They don’t go away on their own.
What if I don’t go to court?
If you receive a summons and don’t go to court, you will automatically lose! Your creditor will ask for a “default judgment” against you. Since you are not there to protest, the judge will probably grant your creditor’s request. GAME OVER!
What will happen to me in court?
That depends. When you go to court, the judge will give you the opportunity to speak for yourself. You can:
• admit that you owe the debt; or,
• deny owing the debt, or,
• ask for time to talk to a lawyer.
If you admit that you owe the debt, the judge will enter a judgment against you, right then.
If you deny that you owe the debt, the judge will set the case for trial in about 30 days.
If you ask for time to talk to a lawyer, the judge will continue the case for about 30 days.
What is a judgement?
A judgment is a legal finding that you owe the debt. A judgment against you allows your creditor to begin taking legal steps to collect the debt. Judgments can appear on your credit report. A judgment on your credit report will hurt your credit rating — even if you later pay the debt!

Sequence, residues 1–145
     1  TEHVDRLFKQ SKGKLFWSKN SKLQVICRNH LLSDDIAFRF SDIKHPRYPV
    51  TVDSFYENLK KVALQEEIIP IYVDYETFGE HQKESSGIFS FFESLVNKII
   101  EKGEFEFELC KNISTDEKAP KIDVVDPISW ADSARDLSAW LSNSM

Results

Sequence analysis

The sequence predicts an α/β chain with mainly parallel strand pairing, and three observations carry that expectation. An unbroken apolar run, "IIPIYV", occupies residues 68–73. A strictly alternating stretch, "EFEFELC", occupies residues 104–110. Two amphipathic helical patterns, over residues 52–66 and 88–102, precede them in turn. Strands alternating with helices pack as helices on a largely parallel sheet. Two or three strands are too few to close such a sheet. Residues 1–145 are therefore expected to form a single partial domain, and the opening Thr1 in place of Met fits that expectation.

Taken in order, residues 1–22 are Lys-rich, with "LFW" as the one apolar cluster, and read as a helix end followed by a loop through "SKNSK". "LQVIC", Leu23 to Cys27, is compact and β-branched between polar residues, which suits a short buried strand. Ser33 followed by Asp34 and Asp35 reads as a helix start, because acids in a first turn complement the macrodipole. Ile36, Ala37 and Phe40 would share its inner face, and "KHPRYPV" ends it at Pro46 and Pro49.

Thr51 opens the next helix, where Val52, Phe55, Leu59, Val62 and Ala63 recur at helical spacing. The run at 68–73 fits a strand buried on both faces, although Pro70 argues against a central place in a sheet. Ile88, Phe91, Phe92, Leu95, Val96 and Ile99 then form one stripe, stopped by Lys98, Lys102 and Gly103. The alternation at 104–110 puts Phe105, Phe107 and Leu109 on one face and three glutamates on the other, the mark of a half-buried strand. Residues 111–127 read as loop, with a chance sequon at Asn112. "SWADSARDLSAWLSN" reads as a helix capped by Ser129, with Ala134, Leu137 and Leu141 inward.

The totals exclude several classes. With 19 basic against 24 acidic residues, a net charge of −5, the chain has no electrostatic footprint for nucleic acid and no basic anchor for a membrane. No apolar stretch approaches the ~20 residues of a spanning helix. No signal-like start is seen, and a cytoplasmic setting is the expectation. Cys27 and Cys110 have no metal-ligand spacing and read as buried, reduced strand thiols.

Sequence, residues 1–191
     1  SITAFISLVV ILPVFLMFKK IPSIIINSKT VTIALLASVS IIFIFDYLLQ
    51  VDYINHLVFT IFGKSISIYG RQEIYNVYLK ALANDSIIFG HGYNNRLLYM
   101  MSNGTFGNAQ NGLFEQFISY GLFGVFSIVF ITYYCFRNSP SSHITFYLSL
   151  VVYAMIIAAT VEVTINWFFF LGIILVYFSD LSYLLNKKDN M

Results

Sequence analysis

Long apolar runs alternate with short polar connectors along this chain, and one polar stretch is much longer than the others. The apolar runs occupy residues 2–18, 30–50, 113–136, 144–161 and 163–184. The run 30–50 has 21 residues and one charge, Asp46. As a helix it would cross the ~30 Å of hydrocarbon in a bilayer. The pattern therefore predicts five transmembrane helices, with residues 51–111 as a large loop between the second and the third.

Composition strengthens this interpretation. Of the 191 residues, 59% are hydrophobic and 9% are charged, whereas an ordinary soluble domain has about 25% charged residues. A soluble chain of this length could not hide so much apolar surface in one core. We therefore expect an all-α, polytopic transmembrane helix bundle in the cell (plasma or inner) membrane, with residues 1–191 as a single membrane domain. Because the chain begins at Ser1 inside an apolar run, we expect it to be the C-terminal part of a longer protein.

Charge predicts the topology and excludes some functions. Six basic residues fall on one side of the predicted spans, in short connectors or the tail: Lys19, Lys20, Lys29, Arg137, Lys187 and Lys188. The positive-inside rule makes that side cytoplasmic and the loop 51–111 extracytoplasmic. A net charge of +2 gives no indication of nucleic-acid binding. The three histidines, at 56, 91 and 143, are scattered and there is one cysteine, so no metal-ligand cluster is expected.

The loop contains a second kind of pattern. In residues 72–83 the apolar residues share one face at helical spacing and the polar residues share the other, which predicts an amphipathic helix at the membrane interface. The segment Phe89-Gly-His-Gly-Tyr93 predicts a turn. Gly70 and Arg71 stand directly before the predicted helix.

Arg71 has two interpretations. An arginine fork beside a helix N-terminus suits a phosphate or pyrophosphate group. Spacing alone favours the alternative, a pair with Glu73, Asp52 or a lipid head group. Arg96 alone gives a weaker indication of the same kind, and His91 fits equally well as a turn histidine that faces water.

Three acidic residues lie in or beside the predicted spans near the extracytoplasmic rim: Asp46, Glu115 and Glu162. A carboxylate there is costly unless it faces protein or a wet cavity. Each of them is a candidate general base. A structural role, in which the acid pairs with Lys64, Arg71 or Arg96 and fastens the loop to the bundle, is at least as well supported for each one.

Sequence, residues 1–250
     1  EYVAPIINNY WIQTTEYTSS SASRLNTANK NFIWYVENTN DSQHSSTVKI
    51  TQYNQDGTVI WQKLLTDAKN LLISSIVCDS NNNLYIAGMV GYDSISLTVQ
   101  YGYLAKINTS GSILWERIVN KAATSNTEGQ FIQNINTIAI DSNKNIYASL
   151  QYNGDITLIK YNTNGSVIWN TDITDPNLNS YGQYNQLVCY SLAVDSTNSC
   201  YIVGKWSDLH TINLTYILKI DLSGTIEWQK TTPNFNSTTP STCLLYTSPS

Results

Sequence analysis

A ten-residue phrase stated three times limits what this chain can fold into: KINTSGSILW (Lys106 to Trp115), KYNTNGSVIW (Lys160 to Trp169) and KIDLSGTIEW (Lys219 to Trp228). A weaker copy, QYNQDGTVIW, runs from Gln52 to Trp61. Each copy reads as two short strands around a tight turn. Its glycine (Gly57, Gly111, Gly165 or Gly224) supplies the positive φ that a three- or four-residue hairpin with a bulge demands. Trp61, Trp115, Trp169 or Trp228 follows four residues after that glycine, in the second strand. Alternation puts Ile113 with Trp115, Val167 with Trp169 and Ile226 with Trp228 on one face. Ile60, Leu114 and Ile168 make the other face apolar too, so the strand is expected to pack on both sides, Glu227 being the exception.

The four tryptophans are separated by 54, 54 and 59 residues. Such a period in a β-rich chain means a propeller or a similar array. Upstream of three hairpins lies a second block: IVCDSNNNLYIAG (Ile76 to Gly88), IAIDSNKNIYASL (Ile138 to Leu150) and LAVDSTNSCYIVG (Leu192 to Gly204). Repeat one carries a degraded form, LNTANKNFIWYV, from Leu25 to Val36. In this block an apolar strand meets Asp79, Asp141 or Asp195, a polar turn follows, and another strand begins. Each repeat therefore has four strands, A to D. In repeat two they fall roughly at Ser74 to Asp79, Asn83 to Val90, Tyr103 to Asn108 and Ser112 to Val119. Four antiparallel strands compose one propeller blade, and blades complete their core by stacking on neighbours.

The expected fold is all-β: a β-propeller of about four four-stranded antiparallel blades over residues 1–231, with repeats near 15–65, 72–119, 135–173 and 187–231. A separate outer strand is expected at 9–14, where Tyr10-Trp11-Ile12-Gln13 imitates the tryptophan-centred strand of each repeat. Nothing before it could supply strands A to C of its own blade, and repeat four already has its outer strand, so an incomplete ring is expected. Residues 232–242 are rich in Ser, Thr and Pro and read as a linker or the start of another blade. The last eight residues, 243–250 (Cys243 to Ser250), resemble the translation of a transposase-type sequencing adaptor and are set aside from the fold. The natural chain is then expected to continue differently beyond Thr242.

What will happen at trial?
You can make the creditor prove that you owe the debt. You will be able to testify and present evidence. You will also be able to call witnesses who can testify in your favor, and “cross-examine” your creditor and the creditor’s witnesses.
What happens if I win?
The judge will enter an order against your creditor. The order will keep them from being able to collect from you.
If I win, can I collect for the time and money that I spent defending myself?
Probably not, unless you can prove that the creditor’s pursuit of the debt was done for malicious reasons (the creditor just did it to hurt you), or that the creditor did something during the suit that cost you additional time and money.
What if I lose?
The court will enter judgment against you, and you will be responsible for paying the debt, or discharging the debt in bankruptcy.
by Dianna Coy Long at Mid-Missouri Bankruptcy Center
Read: What Are My Defenses?